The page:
• morphine
      • 2 years ago

      … because it’s huge?

      I mean, I’m sure it’s a nice machine, but it’s also enormous and it weighs [i<]ten pounds[/i<]. Given the choice (and for most scenarios) people universally prefer more compact machines.

        • UberGerbil
        • 2 years ago

        Gah, I remember carrying a 9lb Dell through airports and into hotel conference rooms in the 90s. Never again.

        I mean, it was cool having a three-spindle design with easy to swap battery/CD/Floppy modules, and that Pentium 166(w/MMX!) could run almost a full day with batteries in both bays, but… my shoulders hurt just from the memories.

        • Stiqy
        • 2 years ago

        I don’t know many gamers buying gaming laptops that choose, “slower, louder and hotter” because it’s thinner and fits in their purse better, over “faster, quieter and cooler” for a little bit of weight.

    • JustAnEngineer
    • 2 years ago

    [quote=”Morphine”<] Nvidia's [url=https://techreport.com/news/31993/nvidia-max-q-launches-pascal-into-thinner-lighter-notebooks<]Max-Q initiative[/url<] gave rise to several thin-and-light machines with GeForce GTX 1070 and GTX 1080 graphics card inside. [/quote<] Have you looked at the prices on those things? [url=https://www.newegg.com/Product/ProductList.aspx?Submit=ENE&DEPA=0&Order=BESTMATCH&Description=PPSSKFKEUVZKIU<]$2900[/url<] Ouch!

      • morphine
      • 2 years ago

      Yes, it’s almost like there are reasons why they didn’t go into the recommendations. I mean, paying a pretty high price could be worth it if the machines are really that good, but the jury’s still mostly out.

    • Kretschmer
    • 2 years ago

    Kudos for Gigabyte for creating a gaming laptop that isn’t styled like it’s a L4PT0P 4 GAMERZ. I might buy one from them next summer just on principle, if the implementation is good (e.g. no throttling, good build quality, et cetera).

    • Kretschmer
    • 2 years ago

    “The 1920×1080 screen that comes installed by default is nice enough on its own, but what we’re really looking for is the 4K option that comes in at a relatively modest price.”

    I don’t understand this. Why would you want to cram a 4K screen into a 13.3″ laptop when it murders your battery life and creates scaling issues (yes Windows has gotten better, but many of us use legacy apps)?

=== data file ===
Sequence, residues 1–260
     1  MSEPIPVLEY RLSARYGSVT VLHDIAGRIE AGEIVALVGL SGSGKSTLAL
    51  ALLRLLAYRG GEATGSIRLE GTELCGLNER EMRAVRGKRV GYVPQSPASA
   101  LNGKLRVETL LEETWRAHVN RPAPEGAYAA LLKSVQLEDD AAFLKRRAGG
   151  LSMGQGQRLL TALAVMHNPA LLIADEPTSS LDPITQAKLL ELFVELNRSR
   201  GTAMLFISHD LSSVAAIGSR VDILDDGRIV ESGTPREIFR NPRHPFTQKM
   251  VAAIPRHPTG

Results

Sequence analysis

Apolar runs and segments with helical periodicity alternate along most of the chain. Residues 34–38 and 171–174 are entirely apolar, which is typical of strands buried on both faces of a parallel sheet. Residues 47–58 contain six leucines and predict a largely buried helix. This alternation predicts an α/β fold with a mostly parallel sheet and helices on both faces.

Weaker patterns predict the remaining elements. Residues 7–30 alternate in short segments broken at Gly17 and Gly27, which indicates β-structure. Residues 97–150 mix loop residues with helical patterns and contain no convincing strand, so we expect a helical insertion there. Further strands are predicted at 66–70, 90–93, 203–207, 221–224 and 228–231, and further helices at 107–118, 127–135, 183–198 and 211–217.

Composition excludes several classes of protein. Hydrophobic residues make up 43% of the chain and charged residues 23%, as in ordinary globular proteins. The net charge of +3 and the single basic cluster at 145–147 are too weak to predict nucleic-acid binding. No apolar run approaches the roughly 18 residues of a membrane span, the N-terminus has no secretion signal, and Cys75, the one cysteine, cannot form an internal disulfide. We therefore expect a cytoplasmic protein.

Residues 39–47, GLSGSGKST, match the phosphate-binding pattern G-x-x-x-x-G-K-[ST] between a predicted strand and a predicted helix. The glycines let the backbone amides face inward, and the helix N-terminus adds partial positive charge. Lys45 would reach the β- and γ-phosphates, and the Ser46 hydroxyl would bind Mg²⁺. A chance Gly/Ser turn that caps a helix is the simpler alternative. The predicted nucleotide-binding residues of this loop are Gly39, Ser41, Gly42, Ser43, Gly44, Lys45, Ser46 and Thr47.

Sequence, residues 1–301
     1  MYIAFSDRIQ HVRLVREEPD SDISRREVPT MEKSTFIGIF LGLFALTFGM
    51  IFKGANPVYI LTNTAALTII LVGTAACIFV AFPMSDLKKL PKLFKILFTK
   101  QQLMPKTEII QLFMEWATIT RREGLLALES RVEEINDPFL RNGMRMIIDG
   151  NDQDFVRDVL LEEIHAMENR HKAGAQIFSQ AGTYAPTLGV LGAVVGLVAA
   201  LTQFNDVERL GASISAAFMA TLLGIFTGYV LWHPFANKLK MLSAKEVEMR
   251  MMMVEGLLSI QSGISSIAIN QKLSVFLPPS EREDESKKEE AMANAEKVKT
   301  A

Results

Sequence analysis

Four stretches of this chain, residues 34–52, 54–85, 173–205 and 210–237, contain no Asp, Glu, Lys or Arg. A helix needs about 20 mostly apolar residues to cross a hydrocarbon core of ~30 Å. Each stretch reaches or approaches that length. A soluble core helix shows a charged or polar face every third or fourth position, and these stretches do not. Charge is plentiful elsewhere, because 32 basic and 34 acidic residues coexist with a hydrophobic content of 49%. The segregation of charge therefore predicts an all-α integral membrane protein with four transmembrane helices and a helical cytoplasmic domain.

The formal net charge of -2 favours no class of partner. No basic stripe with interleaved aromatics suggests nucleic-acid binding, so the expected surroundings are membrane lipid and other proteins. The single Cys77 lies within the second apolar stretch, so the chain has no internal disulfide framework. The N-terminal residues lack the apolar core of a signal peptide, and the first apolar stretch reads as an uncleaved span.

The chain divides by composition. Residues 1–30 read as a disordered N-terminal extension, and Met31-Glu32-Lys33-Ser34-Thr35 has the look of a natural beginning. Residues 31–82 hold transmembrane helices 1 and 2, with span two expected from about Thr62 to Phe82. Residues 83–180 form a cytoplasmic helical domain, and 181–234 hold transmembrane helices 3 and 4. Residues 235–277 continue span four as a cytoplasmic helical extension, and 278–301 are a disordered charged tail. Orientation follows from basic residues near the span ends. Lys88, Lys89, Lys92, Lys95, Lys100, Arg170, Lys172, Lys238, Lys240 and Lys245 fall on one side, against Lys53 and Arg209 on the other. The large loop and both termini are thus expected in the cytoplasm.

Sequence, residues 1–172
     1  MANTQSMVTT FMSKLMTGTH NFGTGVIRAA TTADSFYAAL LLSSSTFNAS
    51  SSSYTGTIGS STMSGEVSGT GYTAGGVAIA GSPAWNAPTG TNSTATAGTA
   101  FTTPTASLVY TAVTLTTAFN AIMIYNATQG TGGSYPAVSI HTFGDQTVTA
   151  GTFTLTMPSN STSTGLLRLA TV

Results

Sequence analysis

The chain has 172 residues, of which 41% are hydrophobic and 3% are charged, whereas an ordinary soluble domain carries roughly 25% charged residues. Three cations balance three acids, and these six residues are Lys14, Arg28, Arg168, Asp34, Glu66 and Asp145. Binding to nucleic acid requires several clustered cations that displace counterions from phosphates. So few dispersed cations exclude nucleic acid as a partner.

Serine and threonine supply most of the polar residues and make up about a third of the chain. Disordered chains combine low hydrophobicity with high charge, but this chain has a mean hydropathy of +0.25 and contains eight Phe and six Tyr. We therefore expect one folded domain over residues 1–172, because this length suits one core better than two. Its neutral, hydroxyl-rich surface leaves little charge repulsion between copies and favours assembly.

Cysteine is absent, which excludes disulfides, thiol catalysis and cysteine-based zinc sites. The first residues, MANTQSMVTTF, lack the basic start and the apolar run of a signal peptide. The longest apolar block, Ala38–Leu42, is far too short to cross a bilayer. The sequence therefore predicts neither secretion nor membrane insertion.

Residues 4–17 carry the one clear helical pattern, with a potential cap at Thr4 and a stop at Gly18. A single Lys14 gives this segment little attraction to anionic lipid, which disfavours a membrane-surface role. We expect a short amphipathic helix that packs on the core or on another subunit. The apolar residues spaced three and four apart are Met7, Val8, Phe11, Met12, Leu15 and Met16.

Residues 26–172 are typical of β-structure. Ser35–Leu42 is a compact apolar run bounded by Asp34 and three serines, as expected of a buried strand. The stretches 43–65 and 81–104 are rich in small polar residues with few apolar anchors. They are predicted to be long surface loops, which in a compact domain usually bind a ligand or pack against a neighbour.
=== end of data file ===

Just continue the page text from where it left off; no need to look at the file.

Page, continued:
• morphine
      • 2 years ago

      That’s the whole thing: the battery life on current-generation laptops is pretty good even with the 4K screen. That’s changed since the last time we did one of these.

      As for Windows’ scaling, sure, but it’s also getting better. We all have to take the plunge sometime, and… dat PPI.

        • Kretschmer
        • 2 years ago

        Thank you for responding. I still feel like the 30%ish battery tradeoff is insane for the minimal utility benefit. That’s the difference between making it an entire flight or a day at a client site and hunting for outlets.

        We don’t have to take the plunge unless said plunge makes sense. 🙂

      • Forge
      • 2 years ago

      I like the 4K screen on my 15″ laptop just dandy, my text looks GREAT. I don’t feel robbed at 6-8 hours of battery life, either. Moving from 1080p to UHD cost me about an hour, worst case.

      Not a theoretical number, I had to order with the 1080p panel, and bought the UHD panel and replacement eDP cable seperately.

      Now you want to kill battery life, just engage that Optimus Nvidia GPU. Even a Quadro M1000M means your battery life just dropped by half or more, and your fans will have something to say in under a minute.

        • Kretschmer
        • 2 years ago

        In Ars’s testing, XPS 13 battery life was cut in half going from a 1080P to 4K/touch laptops. [url<]https://cdn.arstechnica.net/wp-content/uploads/2016/11/Review-chart-template-final-full-width-3.013-2-980x720.png[/url<]

    • tipoo
    • 2 years ago

    I thought from Apples visualizations of it, the stereo speakers in the iPhone 7 would have been equal. Not so, 70% of the volume and all of the bass still comes out the bottom speaker, cover the bottom one and you’re left with a muffled nothing, cover the top speaker and you lose almost nothing.

    Hopefully that keeps evening out over time with the 7S/8, but I was let down from expectations from it.

      • derFunkenstein
      • 2 years ago

      Are the speakers really on opposite sides? My wife has a 7 Plus and the only thing separating left from right is the lightning port. They might as well have just made two mono speakers.

        • frumper15
        • 2 years ago

        The stereo comes from a speaker on the bottom and then the earpiece speaker forms the second half of the pair. The other grill on the bottom is the microphone.

          • derFunkenstein
          • 2 years ago

          Hmm…learned something new. And since the earpiece puts out so little it just seems like those were both speakers, I guess.

            • tipoo
            • 2 years ago

            Yup, top and bottom. If you look at your bottom left grill closely, all but two holes are filled in, the other two are just the bottom mic as usual.

            The top speaker, yeah, barely adds much eh?

            • derFunkenstein
            • 2 years ago

            Well, it was a bad guess anyway. It’s not the phone I spend the most time with, since it’s my wife’s daily driver, so I just didn’t realize. Definitely a bad enough design to make me think there’s nothing coming from there.

            • derFunkenstein
            • 2 years ago